The History of Insurance Part 1
Many readers will have heard of the expression ‘an eye for an eye, a tooth for a tooth’ but have you ever wondered where this originated?
The answer is that this was one of two hundred and eighty-two rules set out in what is known as the Code of Hammurabi.
The code dates back to around 1750 BC when the Babylonian King Hammurabi fashioned a compendium of 282 laws that set standards of conduct and justice for his empire in ancient Mesopotamia.
Incidentally, Mesopotamia from a Greek word meaning “between rivers” refers to the land between the Tigris and Euphrates rivers broadly defined to include the area that is now eastern Syria, south-eastern Turkey, and most of Iraq. Babylon was a city in Mesopotamia whose ruins lie in modern-day Iraq 59 miles southwest of Baghdad and home to one of the seven wonders of the ancient world – the Hanging Gardens of Babylon.
The code itself covered everything from property rights and criminal behaviour to slavery and divorce.
The Code took a brutal approach to justice, but the severity of criminal penalties often depended on the identity of both the lawbreaker and the victim.
For example, rule 200 states “If a man knock out the teeth of his equal, his teeth shall be knocked out.”
However, committing the same crime against a member of a lower class was punished with only a fine.
Rule 196 states “If a man put out the eye of another man, his eye shall be put out.”
Other similar punishments were included so that in rule 195, “If a son strike his father, his hands shall be hewn off”.
In other areas, the code was surprisingly ahead of its time, as several rules were concerned with an ancient form of the minimum wage.
Field labourers and herdsmen were guaranteed a wage of “eight gur [a volume of just over 300 litres] of corn per year,” (Rules 257 and 261) whilst ox drivers received six gur (Rule 258).
Doctors, meanwhile, were entitled to 5 shekels (a shekel was about 8.4 grammes) for healing a freeborn man of a broken bone or other injury (Rule 221), but only three shekels for a freed slave (Rule 222) and two shekels for a slave (Rule 223).
None of this has any relevance to insurance but the code can be seen to address matters such as insurance and risk management in other areas.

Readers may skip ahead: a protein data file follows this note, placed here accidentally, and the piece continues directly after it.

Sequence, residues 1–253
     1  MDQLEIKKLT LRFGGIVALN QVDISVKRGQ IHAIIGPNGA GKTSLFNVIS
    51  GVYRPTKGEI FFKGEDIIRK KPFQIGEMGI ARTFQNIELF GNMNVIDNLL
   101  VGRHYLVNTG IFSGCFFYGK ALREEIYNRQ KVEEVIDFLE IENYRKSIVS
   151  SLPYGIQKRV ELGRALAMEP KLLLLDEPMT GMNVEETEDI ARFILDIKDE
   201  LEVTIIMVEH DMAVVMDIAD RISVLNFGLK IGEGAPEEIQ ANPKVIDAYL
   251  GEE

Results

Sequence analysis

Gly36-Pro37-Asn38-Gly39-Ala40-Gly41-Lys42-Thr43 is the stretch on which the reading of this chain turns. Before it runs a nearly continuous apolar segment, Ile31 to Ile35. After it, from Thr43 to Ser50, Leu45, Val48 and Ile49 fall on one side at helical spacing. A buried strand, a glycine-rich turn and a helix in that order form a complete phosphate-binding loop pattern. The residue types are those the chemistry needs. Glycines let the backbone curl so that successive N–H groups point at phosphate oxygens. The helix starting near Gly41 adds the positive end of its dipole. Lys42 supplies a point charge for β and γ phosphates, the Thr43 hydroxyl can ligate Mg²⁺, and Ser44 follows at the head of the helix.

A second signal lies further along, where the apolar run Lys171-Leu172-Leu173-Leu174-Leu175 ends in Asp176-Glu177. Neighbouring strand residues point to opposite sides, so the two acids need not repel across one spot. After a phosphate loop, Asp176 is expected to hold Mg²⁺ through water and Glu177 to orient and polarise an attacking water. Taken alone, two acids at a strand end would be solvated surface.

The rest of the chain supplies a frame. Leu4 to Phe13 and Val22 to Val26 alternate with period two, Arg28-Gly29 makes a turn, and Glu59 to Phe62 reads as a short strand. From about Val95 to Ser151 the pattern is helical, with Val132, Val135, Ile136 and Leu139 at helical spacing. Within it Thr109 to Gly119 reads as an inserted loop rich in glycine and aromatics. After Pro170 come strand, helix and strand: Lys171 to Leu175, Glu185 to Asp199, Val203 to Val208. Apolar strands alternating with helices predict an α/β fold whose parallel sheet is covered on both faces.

For example, it could be said that an early form of social insurance was in place in respect of robbery. Whilst Rule 22 dealt with the robber themselves – “If any one is committing a robbery and is caught, then he shall be put to death”, Rule 23 provided a form of ‘state’ compensation for the victim:
“If the robber is not caught, then shall he who was robbed claim under oath the amount of his loss; then shall the community, and…on whose ground and territory and in whose domain it was, compensate him for the goods stolen.”
The code also enshrined an early form of bottomry – whereby a ship is used as security against a loan to finance a voyage, the lender losing their money if the ship sinks. The loan with interest is payable if the ship completes the voyage.
The merchants of Babylon, in seeking new markets, would enter into a business relationship with a trader and provide them with the goods they wished to sell. The trader gave as security “himself, family and property, in town or country, on the road, or in stock.”
The trader would share in any profit when selling the goods but had to repay the capital value of the goods and interest if the goods were sold at a loss or indeed lost either though negligence or robbery.
Whilst this form of agreement worked well in many cases, losses by robbery led to many traders unable to repay their principal and thus the trader and their family became the property of the principal who could keep or sell them as slaves or even kill them!
To overcome this intolerable position, a compromise was reached in terms of robbery as
Rule 103 states:
“If, while on a journey, an enemy take away from him anything that he had, the broker shall swear by God and be free of obligation.”The Code of Hammurabi had some interesting rules governing building work in terms of liability, indemnity and risk management.
Rule 229 – “If a builder build a house for some one and does not construct it properly and the house which he built fall in and kill its owner, then that builder shall be put to death.”
Rule 230 – “If it kill the son of the owner, the son of the builder shall be put to death.”
Rule 231 – “If it kill the slave of the owner, then he shall pay slave for slave to the owner of the house.”
Rule 232 – If it ruins goods, he shall make compensation for all that has been ruined and inasmuch as he did not construct properly this house which he built and it fell, he shall re-erect the house from his own means.”
Rule 233 – “If a builder build a house for some one, even though he has not yet completed it, if then the wall seems to be toppling, the builder must make the walls solid from his own means.”
It could be said that rules 229 – 231 are an early form of risk management in terms of the quality of the build – it would certainly focus the mind on preventing poor workmanship!
Rules 232 and 233 deal with liability and indemnity.
Similar rules on merchantable quality, liability and indemnity governed shipbuilders and boat hirers (with and without crew).
Whilst the saying “An eye for an eye, a tooth for a tooth” may be known by many, we now know that the society which came up with these laws also gave us early forms of liability, risk management and risk transfer which over the next centuries and millennia would develop into the insurance industry we recognise today.
Isn’t history great?